Use this URL to cite or link to this record in EThOS: http://ethos.bl.uk/OrderDetails.do?uin=uk.bl.ethos.728523
Title: Next generation neural activity models : bridging the gap between mesoscopic and microscopic brain scales
Author: Byrne, Aine
ISNI:       0000 0004 6494 0990
Awarding Body: University of Nottingham
Current Institution: University of Nottingham
Date of Award: 2017
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Abstract:
Neural mass and neural field models have been actively used since the 1970s to model the coarse grained activity of large populations of neurons and synapses. They have proven especially useful in understanding brain rhythms. However, although motivated by neurobiological considerations, they are phenomenological in nature, and cannot hope to recreate some of the rich repertoire of responses seen in real neuronal tissue. In this thesis we consider the θ-neuron model that has recently been shown to possess an exact mean-field description for smooth non-pulsatile interactions, and show that the inclusion of a more realistic synapse model leads to a mean-field model, that has many of the features of a neural mass model, coupled to a further dynamical equation that describes the evolution of network synchrony. We have carried out extensive analysis on the model for both a single and a two population system. Importantly, unlike its phenomenological counterpart this next generation neural mass model is an exact macroscopic description of the underlying microscopic spiking neurodynamics, and is therefore a natural candidate for use in large scale human brain simulations. Using our reduced model, we replicate a human MEG power spectrogram to demonstrate that the model is capable of reproducing transitions from high amplitude to low amplitude signals, which are believed to be caused by changes in the synchrony of the underlying neuronal populations. We then shift our focus to a spatially extended model and construct a next generation neural field model. Using both Turing instability analysis and numerical continuation techniques we explore the existence and stability of spatio-temporal patterns in the system. In particular, we show that this new model can support states above and beyond those seen in a standard neural field model.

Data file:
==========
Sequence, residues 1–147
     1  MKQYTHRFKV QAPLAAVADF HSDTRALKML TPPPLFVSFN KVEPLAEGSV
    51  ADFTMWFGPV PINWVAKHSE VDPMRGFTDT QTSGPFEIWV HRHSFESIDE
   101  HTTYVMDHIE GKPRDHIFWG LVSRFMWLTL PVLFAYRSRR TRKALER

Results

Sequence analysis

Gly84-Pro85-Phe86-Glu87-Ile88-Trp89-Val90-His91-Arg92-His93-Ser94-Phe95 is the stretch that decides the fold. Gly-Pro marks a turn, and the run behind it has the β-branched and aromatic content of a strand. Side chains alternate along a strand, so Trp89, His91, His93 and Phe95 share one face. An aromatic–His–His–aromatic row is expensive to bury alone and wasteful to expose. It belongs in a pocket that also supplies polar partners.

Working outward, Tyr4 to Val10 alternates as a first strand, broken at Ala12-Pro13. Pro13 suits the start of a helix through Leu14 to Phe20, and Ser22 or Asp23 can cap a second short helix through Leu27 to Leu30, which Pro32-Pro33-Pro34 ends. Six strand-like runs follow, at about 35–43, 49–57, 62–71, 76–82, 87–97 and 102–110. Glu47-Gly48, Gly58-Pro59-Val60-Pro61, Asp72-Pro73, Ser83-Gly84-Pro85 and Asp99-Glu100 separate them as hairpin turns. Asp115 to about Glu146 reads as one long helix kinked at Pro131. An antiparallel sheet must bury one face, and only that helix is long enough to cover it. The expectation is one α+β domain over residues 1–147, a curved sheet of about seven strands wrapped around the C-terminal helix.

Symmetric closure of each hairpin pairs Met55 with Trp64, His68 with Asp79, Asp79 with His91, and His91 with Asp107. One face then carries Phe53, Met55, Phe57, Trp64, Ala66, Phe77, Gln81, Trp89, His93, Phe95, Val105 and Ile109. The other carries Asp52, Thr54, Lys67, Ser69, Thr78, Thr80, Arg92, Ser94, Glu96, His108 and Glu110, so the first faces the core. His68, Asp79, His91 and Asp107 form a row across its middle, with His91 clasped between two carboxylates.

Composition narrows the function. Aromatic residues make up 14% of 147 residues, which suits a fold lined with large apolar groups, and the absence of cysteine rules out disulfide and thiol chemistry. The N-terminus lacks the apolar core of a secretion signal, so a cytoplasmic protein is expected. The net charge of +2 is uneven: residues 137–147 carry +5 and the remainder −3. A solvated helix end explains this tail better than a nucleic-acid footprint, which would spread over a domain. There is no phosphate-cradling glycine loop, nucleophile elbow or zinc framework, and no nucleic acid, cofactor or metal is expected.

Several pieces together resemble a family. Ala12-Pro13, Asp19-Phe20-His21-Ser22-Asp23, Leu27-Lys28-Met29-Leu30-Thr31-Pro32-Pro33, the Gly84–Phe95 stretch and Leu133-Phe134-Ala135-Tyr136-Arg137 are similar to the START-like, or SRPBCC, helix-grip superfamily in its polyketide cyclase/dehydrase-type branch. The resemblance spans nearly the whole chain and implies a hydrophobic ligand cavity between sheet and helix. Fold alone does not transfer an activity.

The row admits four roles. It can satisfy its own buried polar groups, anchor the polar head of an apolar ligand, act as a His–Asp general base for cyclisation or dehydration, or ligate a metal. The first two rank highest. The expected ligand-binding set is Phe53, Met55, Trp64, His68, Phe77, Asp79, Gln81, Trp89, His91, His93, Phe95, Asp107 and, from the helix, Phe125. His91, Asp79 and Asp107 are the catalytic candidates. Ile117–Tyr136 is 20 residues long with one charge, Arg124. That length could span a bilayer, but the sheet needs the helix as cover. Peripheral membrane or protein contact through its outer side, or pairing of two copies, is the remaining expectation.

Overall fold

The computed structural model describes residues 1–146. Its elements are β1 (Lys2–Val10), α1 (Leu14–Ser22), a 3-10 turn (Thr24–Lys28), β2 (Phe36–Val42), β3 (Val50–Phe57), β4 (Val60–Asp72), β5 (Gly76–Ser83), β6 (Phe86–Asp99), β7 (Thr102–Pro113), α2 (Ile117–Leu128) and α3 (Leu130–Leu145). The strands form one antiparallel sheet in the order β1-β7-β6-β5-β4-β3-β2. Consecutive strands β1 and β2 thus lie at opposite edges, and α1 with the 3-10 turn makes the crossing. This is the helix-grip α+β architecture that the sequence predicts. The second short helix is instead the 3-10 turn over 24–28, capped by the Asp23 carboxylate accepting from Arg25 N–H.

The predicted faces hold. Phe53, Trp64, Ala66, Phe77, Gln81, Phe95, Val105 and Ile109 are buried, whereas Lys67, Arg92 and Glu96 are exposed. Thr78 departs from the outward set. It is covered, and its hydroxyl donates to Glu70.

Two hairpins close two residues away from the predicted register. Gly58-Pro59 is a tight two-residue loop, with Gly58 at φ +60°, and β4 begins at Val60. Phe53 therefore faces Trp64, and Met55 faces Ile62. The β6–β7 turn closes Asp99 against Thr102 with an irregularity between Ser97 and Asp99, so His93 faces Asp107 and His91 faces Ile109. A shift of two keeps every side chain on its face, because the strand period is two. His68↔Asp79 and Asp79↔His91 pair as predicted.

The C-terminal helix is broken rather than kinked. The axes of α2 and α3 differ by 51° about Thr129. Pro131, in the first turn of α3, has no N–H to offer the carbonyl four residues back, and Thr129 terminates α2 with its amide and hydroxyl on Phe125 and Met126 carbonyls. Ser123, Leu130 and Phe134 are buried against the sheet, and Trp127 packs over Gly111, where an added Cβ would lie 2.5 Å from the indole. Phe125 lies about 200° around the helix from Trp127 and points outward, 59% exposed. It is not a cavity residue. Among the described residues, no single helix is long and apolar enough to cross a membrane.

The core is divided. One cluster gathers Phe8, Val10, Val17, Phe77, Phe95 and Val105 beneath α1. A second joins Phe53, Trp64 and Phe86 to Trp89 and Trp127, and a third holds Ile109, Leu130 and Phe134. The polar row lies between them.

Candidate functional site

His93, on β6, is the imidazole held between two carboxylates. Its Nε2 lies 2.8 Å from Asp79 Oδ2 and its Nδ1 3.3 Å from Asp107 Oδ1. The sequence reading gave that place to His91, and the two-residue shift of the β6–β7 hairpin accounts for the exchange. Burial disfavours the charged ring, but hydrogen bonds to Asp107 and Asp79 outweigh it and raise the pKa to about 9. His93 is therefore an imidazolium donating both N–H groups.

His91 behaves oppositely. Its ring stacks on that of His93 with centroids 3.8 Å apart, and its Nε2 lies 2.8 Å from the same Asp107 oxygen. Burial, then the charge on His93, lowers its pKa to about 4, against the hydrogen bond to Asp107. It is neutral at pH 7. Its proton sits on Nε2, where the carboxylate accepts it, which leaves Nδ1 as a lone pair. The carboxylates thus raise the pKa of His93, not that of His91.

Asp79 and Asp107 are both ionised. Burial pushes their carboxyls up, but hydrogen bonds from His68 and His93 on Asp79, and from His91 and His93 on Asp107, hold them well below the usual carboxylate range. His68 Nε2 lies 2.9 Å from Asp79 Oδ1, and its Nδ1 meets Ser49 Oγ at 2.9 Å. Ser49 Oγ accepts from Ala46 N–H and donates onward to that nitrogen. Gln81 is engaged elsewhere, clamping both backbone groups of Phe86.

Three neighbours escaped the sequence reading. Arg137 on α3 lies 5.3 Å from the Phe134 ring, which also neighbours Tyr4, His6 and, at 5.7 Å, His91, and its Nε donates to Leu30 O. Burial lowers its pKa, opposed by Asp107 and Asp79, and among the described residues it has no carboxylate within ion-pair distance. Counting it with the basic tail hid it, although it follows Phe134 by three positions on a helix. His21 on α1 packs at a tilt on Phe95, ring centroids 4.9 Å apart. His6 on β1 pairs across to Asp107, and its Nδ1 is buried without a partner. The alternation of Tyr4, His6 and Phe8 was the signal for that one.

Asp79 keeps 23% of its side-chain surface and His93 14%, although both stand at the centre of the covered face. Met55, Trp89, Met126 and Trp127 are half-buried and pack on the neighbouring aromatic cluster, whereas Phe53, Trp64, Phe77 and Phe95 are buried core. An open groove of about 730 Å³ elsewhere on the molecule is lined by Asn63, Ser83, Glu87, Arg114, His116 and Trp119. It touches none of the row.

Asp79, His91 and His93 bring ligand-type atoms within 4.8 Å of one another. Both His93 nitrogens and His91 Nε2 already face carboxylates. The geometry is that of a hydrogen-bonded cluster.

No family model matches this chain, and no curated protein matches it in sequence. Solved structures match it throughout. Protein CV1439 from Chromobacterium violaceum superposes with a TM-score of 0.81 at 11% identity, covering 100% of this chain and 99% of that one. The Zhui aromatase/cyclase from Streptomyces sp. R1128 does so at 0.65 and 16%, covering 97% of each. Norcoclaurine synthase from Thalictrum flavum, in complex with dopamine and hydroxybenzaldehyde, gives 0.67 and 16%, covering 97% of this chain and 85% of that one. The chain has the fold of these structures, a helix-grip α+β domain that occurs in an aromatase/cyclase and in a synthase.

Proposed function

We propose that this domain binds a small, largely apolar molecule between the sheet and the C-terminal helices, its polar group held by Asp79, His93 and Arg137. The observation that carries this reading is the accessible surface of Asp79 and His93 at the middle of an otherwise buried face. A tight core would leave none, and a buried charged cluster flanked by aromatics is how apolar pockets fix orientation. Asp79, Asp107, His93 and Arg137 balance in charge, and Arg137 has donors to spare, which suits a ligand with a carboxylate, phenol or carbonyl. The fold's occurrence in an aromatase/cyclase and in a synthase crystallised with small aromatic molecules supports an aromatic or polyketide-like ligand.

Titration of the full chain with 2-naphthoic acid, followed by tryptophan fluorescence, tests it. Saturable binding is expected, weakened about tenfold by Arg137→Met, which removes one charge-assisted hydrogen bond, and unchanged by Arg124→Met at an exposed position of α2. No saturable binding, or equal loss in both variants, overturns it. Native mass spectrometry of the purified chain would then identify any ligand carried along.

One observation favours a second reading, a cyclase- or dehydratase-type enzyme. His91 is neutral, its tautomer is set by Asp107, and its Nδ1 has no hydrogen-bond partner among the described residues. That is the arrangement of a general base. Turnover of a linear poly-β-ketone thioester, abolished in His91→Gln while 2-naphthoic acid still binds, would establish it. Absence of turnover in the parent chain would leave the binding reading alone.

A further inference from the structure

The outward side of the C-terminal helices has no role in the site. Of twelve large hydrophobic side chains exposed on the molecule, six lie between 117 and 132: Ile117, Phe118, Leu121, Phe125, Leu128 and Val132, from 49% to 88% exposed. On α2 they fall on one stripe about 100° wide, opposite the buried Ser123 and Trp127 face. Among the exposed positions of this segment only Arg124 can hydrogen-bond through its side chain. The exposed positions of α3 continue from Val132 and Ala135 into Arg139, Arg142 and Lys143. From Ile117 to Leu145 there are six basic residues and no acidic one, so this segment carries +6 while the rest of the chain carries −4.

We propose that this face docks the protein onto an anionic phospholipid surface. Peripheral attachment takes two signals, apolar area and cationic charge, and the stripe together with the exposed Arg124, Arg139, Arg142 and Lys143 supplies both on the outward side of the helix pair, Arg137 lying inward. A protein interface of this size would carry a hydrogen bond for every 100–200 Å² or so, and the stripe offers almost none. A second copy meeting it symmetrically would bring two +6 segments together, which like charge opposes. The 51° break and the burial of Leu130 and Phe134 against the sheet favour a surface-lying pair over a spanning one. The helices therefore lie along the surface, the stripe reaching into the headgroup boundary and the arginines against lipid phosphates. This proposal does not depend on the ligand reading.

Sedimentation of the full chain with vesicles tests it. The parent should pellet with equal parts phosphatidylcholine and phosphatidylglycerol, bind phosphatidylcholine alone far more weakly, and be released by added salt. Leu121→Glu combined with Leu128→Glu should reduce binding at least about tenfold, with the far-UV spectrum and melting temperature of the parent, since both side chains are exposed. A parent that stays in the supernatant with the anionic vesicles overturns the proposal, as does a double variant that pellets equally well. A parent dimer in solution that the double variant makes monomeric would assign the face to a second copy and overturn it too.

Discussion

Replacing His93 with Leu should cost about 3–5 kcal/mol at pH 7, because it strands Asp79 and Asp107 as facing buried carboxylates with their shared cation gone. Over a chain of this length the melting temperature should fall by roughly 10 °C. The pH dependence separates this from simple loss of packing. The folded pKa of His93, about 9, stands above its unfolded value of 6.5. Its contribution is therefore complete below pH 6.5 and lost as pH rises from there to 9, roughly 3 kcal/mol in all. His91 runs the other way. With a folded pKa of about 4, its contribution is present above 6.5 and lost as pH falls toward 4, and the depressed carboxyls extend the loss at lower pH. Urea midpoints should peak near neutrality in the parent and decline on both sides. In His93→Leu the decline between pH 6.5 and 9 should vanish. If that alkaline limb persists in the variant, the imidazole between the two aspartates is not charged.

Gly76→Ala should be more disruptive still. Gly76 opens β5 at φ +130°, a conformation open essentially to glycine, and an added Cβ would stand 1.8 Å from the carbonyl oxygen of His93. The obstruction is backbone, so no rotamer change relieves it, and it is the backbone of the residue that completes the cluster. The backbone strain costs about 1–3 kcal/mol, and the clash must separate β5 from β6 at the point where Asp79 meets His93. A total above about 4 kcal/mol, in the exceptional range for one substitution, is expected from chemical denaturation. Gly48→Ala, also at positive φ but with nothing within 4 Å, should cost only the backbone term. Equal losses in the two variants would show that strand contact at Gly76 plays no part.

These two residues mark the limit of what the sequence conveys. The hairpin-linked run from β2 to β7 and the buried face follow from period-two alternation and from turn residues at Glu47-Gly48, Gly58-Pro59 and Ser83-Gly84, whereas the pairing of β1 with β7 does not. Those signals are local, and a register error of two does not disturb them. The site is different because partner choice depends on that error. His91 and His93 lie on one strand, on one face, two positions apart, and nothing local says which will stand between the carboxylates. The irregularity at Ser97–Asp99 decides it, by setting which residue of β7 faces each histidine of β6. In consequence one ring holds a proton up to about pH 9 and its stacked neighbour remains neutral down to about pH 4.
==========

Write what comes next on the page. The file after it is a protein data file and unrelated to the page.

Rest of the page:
Supervisor: Not available Sponsor: Not available
Qualification Name: Thesis (Ph.D.) Qualification Level: Doctoral
EThOS ID: uk.bl.ethos.728523  DOI: Not available
Keywords: QA Mathematics ; QP351 Neurophysiology and neuropsychology
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